Some of the best things in London are off the tourist trail. With over seven million people in the city, and more than 200 ethnic communities, it is no wonder that London’s suburbs are home to vibrant markets, foody delights and quirky cultural encounters. Of course, there are so many London suburbs on the list of all things lively, but here are just three in the south-west to get your suburban adventures started.
VISITING LONDON’S VIBRANT SUBURBS
Even if you don’t know your way around London, you’ll likely know the name of this suburb from the 2011 London riots. But don’t be deterred by the headlines, as Brixton is a cheery-faced, colourful suburb of shops, markets and street music. Here you can bop your way along the street to competing Rastafarian tunes while comparing multi-coloured tights, following the scent of exotic foods, and marvelling at the genius of selling domestic supplies amongst fashion and food stalls.
Brixton highlights include
Electric Avenue street markets, which sell all sorts of food, clothing and odd bits from 8am to 6pm Monday to Saturday and 8am-3pm on Wednesday.
Station Road Market, which sells food on Fridays and rotates between vintage, car-boot and craft stalls each Saturday.
Brockwell Park gardens and lido, where you will find leafy green, one of London’s few outdoor swimming areas and free community activities held regularly.
Live music at Brixton’s many venues, including the the O2 Academy Brixton and The Windmill.
Plonked on the outer edge of zone two in the Lambeth Borough, Brixton can be easily accessed by bus or by taking to the tube to the end of the Victoria Line.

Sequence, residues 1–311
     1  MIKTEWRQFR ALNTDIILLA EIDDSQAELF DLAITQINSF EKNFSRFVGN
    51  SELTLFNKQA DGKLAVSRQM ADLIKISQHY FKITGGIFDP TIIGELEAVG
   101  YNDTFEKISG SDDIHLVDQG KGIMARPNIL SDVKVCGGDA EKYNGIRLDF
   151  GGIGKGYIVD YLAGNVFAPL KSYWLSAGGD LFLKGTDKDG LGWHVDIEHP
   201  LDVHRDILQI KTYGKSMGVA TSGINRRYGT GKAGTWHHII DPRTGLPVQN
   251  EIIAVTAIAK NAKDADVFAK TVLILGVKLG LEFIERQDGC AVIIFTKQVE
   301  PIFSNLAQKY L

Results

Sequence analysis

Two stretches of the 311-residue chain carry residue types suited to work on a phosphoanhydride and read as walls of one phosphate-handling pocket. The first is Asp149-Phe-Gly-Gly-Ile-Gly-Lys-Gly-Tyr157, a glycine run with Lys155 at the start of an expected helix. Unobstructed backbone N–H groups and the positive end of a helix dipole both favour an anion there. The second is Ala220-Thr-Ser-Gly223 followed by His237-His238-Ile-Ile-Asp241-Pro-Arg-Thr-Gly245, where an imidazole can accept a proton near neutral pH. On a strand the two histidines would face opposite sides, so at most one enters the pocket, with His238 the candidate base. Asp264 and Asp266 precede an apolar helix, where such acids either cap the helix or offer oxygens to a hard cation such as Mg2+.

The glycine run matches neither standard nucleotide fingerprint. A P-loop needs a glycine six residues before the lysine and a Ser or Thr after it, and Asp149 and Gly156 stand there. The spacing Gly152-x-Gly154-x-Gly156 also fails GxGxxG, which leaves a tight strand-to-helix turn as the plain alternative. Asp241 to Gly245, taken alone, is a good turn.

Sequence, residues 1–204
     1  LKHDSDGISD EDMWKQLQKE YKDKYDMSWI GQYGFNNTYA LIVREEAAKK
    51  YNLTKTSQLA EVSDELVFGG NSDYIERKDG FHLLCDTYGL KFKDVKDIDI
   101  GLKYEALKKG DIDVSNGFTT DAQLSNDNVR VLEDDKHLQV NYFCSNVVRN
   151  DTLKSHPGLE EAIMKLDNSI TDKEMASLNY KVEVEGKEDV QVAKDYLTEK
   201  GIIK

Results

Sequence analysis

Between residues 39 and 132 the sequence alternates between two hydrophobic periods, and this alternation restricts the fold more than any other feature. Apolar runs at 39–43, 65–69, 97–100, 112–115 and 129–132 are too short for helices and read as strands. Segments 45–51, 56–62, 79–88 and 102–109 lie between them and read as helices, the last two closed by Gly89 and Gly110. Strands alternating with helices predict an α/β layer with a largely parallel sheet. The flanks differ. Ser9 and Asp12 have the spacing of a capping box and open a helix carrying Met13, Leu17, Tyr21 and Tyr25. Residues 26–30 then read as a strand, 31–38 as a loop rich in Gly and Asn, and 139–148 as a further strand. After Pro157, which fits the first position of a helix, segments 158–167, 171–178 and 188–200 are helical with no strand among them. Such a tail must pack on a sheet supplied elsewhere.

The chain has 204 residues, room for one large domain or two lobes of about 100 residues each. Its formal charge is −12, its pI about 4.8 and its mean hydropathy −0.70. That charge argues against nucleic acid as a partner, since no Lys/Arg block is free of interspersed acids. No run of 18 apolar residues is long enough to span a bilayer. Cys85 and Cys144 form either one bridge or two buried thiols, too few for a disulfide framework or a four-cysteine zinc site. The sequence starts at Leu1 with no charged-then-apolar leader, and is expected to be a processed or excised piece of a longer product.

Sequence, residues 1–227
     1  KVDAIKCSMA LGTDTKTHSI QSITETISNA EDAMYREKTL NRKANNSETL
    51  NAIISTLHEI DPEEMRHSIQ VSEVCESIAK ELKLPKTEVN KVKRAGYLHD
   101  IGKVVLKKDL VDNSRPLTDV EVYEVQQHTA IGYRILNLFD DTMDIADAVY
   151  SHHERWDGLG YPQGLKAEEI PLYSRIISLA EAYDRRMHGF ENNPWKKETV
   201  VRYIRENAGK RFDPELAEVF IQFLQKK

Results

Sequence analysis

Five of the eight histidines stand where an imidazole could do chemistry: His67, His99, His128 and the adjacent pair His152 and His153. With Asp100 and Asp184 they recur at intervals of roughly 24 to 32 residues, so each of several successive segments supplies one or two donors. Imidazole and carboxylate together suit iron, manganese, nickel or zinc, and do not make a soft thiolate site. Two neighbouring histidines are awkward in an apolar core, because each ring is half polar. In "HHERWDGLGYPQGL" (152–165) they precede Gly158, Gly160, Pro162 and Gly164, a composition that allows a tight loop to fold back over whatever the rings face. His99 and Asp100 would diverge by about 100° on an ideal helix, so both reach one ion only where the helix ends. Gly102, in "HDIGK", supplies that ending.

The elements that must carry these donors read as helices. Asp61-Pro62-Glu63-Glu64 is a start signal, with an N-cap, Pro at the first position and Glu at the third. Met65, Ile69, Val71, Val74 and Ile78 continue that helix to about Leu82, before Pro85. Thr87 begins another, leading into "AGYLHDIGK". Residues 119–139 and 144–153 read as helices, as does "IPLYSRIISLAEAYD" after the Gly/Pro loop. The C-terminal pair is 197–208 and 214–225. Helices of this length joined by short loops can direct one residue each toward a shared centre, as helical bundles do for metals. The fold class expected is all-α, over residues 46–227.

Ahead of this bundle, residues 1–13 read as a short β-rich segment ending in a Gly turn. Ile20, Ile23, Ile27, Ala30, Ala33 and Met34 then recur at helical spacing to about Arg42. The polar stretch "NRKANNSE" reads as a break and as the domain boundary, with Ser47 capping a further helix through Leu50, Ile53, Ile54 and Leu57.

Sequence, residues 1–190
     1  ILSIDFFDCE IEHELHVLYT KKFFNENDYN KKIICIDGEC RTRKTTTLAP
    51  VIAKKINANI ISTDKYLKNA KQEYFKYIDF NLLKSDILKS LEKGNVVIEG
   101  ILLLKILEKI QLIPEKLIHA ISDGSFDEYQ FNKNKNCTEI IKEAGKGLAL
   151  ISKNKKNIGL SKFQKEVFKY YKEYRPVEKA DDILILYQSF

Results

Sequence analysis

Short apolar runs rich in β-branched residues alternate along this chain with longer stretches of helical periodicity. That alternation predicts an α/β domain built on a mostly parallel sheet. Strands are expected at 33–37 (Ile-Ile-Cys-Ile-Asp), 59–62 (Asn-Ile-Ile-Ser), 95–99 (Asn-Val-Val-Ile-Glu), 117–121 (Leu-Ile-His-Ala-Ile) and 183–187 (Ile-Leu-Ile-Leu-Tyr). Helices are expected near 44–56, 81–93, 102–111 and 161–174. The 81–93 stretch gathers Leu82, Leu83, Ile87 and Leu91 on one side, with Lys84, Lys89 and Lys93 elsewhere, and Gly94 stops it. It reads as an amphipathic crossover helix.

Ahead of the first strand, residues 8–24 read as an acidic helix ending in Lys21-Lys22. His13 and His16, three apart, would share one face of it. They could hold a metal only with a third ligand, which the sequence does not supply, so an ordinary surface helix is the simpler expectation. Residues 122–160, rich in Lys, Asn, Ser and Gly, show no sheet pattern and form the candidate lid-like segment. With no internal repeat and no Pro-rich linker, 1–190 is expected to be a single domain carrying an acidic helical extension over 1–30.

There are four ‘Clapham’ suburbs in London North, South, Common and Junction all clumped in the South-West of the city. For dining and recreation, Clapham Common and Clapham Junction are the places you’ll want to go.
Clapham Common sits between the North and South suburbs, and has a lively high street that sprouts off a big park (The Common). It’s a particularly good place for a picnic, for some cafe time or a night of drinking. This is a suburb where you’ll likely see dancing in the street, strange characters in costume and less-than-healthy partiers recovering from a big night.
Saturday mornings offer a thriving little street market on Venn Street, just off the high street, where you can gorge on gluten-free brownies and buy fresh-cut flowers or stop in at one of the cafes that line the same street.
Clapham Common places of note include
Venn Street Records a pizza, cocktail and live music hub that has a great reputation for picking talented local bands with a funky edge.
Black Lab Cafe a tiny hideaway cafe down the southern end of the high street that has a warm, loungey atmosphere and some quirky regulars.
Esca and Eco two distinct but neighbouring cafes on the high street that are a great pick for a lazy weekend breakfast.
Mongolian Grill Hot Pot an friendly, fill-you-up kinda restaurant on North Street specialising in hot pots and steam boats, where you collect your own ingredients and cook them on the group table as you eat.
Along ‘The Pavement’ edge of The Common, you’ll find Clapham Junction, which is largely intertwined with the entertainment-centric suburb of Battersea. Here you can wander streets of fine and casual dining options, pubs and clubs and a few interesting boutique shops.
Clapham Junction places of note include:
Recipease Jamie Oliver’s cooking school deli cafe, that is known for t’s pastel pink facade and delicious breakfast menu.
Brew a comfy cafe on Northcote Road offering a simple, healthy menu and a casual dining experience.
Babel a tapas style bar on Northcote Road that is decorated with upside-down pot plants, books stacks that climb the walls and colourful staff.
All of the Claphams are in zone two and are easily accessible by public transport from Central London. For Clapham Common, North and South, take the tube on the Northern Line. For Clapham Junction you can take the overland train to the junction station. There are frequent buses to and from all of these suburbs.
It is worth a trip to Tooting just to experience the culinary treats of ‘Little India’ tandoori chicken, lamb korma, fresh cucumber raita with a steaming garlic naan. But while you’re there, you can also wander the daily indoor markets and see the joyous combination of intercontinental cultures before taking an early leave to sleep off your delicious Indian food coma.
Tooting is in zone three and can be access by bus or by tube to Tooting Bec or Tooting Broadway on the Northern Line.